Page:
Stephanie Epstein, Stephanie Kapstein, Mary Louise Kelly discussed on All Things Considered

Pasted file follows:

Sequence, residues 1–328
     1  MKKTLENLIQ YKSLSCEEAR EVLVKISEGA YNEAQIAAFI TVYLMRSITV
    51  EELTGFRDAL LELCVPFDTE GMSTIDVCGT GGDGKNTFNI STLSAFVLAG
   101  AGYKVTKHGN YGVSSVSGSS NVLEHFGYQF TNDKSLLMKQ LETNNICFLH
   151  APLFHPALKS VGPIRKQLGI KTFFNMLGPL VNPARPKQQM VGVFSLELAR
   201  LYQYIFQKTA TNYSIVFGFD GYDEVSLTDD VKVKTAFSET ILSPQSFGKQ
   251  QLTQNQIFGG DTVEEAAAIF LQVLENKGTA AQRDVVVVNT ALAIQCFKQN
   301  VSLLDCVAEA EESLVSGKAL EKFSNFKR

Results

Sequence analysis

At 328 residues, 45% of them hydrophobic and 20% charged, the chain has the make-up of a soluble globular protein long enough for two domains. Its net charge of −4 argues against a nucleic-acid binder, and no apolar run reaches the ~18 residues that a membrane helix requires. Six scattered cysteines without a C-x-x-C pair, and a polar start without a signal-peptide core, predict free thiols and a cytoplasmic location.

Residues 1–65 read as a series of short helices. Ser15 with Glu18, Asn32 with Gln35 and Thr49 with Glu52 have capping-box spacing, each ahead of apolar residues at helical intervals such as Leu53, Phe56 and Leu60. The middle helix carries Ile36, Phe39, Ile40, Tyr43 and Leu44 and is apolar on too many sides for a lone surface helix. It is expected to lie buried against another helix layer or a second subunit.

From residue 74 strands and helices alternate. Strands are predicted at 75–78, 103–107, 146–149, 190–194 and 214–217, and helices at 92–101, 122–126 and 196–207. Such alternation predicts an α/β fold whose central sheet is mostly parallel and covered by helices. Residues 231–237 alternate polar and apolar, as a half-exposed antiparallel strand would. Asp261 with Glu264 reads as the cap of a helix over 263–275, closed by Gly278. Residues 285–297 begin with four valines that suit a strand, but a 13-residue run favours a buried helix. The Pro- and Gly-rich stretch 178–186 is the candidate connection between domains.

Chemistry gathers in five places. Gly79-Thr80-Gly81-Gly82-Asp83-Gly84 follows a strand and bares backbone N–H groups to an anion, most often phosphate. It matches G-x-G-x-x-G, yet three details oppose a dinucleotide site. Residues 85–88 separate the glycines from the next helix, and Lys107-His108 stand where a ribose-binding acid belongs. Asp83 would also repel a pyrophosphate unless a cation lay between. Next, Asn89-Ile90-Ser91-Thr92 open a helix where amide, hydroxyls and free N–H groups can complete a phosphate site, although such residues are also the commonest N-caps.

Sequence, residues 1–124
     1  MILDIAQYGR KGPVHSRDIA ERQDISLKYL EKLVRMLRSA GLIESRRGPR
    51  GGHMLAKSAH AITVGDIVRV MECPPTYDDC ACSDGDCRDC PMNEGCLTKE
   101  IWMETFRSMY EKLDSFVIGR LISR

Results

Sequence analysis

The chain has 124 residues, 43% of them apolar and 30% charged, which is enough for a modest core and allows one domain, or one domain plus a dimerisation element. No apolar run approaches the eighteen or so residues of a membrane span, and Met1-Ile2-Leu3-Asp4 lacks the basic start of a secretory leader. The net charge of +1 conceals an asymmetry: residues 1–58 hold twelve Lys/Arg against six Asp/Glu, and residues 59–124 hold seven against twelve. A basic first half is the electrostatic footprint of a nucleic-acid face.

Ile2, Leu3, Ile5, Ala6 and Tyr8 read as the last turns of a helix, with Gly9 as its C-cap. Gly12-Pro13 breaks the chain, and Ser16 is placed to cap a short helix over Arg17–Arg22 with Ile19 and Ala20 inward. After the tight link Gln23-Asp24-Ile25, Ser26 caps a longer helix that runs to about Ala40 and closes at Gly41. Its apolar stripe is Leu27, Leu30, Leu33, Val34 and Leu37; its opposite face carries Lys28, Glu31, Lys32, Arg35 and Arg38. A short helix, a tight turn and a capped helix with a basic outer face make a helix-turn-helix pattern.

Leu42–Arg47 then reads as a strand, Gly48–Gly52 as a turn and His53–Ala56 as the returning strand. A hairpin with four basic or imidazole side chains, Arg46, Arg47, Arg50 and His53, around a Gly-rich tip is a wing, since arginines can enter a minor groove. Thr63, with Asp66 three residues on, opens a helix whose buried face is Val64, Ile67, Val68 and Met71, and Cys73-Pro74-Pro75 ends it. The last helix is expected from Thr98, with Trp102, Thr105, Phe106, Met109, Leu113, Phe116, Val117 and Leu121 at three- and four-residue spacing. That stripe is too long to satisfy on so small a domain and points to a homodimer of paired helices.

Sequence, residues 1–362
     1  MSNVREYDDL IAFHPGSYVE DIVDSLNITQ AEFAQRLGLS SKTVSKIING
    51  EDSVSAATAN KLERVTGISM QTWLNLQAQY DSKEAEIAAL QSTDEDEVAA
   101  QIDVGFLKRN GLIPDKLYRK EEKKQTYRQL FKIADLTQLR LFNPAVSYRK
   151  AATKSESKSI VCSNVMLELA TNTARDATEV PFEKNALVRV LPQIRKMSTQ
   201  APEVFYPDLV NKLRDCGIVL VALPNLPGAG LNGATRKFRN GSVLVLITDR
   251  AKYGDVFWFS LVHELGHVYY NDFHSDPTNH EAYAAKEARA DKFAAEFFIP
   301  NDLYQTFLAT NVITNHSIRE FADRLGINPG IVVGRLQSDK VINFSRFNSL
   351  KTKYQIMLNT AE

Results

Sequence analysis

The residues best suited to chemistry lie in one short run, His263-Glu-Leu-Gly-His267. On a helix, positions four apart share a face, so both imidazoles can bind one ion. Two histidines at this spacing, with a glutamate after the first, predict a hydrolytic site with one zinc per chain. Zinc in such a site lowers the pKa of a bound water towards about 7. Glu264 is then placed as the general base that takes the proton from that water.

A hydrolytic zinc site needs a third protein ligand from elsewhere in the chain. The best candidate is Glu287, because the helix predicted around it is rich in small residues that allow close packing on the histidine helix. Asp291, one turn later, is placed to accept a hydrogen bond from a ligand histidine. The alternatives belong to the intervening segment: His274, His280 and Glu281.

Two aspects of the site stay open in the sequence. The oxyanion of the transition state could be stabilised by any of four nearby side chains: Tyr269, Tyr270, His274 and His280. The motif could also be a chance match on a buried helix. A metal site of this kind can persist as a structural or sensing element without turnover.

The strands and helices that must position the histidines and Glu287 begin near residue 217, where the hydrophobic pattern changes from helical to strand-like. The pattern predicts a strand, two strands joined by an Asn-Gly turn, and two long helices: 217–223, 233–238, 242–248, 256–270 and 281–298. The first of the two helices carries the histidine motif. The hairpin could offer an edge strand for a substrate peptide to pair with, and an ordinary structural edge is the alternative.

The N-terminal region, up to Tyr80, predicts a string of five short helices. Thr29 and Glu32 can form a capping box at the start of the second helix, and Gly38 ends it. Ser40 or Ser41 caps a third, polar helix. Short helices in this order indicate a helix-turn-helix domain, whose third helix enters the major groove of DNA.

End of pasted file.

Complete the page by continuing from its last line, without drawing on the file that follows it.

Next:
Looking out the window from our offices in Lower Manhattan. I saw people running frantically for the train. I saw flimsy umbrellas that stood no match against the rain. It felt a little bit like New York for a second. Be safe. If you are out there, though, there's a severe thunderstorm warning in effect until 5 15 Tonight there's a flash flood warning until seven o'clock. From NPR News. It's all things considered. I'm Mary Louise Kelly and I'm Ailsa Chang. Major League Baseball has a new substance abuse problem. No, we're not talking about steroids that royal the sport a few years back. It's not enhanced players. This time. It's sticky baseballs, and unless you like watching batters strike out a bunch it's becoming a real issue. Joining us now to talk all about it via escape is Stephanie Kapstein, who reported on this for Sports Illustrated. Welcome. Thanks so much for having me well, these were being with us. So can you just explain how a stickier baseball makes a picture better? Any time you change the way the baseball behaves, it will behave differently. And so batters have watched hundreds of thousands, sometimes millions of pitches over their career, and they've all behaved a certain way. If you see it at a certain point, doing something, it will likely end up in the place you expected to end up in this case, the baseball is ending up in a different place, so the more complicated answer is that it makes the ball spin faster. Which makes it move more, and that makes it much harder to hit. Okay. And the balls that you're describing in your reporting. I mean, some of them have so much sticky stuff that you could see the pictures. Fingerprints on them. Sometimes you can hear the actual rip when the picture releases the ball. What is this sticky stuff? Exactly? Yeah, People were telling me crazy stories about you can touch your palm to a baseball and lift it. Just without gripping it. It's like melt sticking. Exactly. There are a number of different kind of concoctions. The players use some of them even brew their their own. There's some they're sort of semi legal everybody they want. When the baseball comes out of the package. It's very slick, and so it's hard to get a grip. So the league wants you to have some. Wherever else you might hit a batter on the head because you don't know where the baseball is gone, So there's a little bit of a sticky substance behind the mound called rosin, and they're allowed to use that. It starts. You know, it's a slippery slope. Right? First, they realized that if you use, uh spray on sunscreen, a lot of it on your arms, you can mix that with rosin, and it gets even stick here. So that's a little bit stickier than what's allowed. But it's not a huge deal. And then on the other end of that would be a substance called Spider Tech, which is basically blue that's supposed to help Ironman lift stones and hold stones together, and it's so that stuff is so sticky. That usually you can't even if you touch your fingers together. When you have it on your hand, your fingers get glued together. You move it with rubbing alcohol. It's it's crazy. It's really sticky stuff. But the thing is, pictures have been doctoring balls almost as long as baseball itself right. Like, how is this problem? Different now than, say, the spitball, which I think has been around for what more than a century. Yes, Basically, the whole history of baseball is pitchers trying to doctor the baseball. The reason it's different now is that they have technology. And so they set up. This device called the track Man that tracks what the baseball is doing and you can apply the sunscreen rosin and you can throw and you can look at the trackman and see how many times the baseball spun while it was on its way to the plate. And then you can apply something like Spider tax. Stick your stuff and you can look at the track man and you can see just how much of a difference that made and so guys can be much more scientific and much more efficient in the way they're using it, whereas in the past You would kind of apply something and yes, and you weren't sure if it was helping. It was all based on the high test. Now they can look at it, and they have the data to tell them. This is working. Which leaves the question. What is Major league baseball going to do to stop the spread of ball doctoring? They intend, they say, to start cracking down on this suit. They've been actually collecting baseballs from every pitcher all shoes on and looking at them to see how sticky they are. I've decided it is quite a lot. And so they say that in the next couple of weeks they're going to start cracking down. They are going to empower umpires to go out there and say, Hey, I think I see something on your hat. Get the hat out of here. And if you do it again, we're going to eject not just the hat, but also the player. Part of the problem right now is that usually they rely on the opposing manager to say, Hey, could you go check that picture? But all the managers know that their players are doing it, too. So you don't really want to fall out the other team because you know that they'll come and get you next. Stephanie Epstein from Sports Illustrated. Thank you very much for joining us today. Thank you so much for having me. Superhero fans will see one of the most anticipated streaming series from Marvel when Loki debuts tomorrow on Disney. Plus, NPR TV critic Eric Deggans says the show starring marvels villainous God of Mischief is a sly examination of a bad guy who may be considering how to be better. Marvel's Loki kicks off by explaining something huge..

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